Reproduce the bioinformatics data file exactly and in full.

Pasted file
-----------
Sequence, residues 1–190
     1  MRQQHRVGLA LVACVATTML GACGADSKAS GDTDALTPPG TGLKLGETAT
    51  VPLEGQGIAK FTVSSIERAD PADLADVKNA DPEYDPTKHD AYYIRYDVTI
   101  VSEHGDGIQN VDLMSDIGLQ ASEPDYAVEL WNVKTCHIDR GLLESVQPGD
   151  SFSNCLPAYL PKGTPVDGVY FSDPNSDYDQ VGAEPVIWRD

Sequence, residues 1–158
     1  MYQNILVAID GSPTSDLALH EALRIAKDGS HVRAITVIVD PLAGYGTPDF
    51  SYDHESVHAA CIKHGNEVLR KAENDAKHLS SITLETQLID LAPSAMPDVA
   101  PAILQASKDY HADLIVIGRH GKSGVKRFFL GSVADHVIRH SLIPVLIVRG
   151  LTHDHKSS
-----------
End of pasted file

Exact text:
Sequence, residues 1–190
     1  MRQQHRVGLA LVACVATTML GACGADSKAS GDTDALTPPG TGLKLGETAT
    51  VPLEGQGIAK FTVSSIERAD PADLADVKNA DPEYDPTKHD AYYIRYDVTI
   101  VSEHGDGIQN VDLMSDIGLQ ASEPDYAVEL WNVKTCHIDR GLLESVQPGD
   151  SFSNCLPAYL PKGTPVDGVY FSDPNSDYDQ VGAEPVIWRD

Sequence, residues 1–158
     1  MYQNILVAID GSPTSDLALH EALRIAKDGS HVRAITVIVD PLAGYGTPDF
    51  SYDHESVHAA CIKHGNEVLR KAENDAKHLS SITLETQLID LAPSAMPDVA
   101  PAILQASKDY HADLIVIGRH GKSGVKRFFL GSVADHVIRH SLIPVLIVRG
   151  LTHDHKSS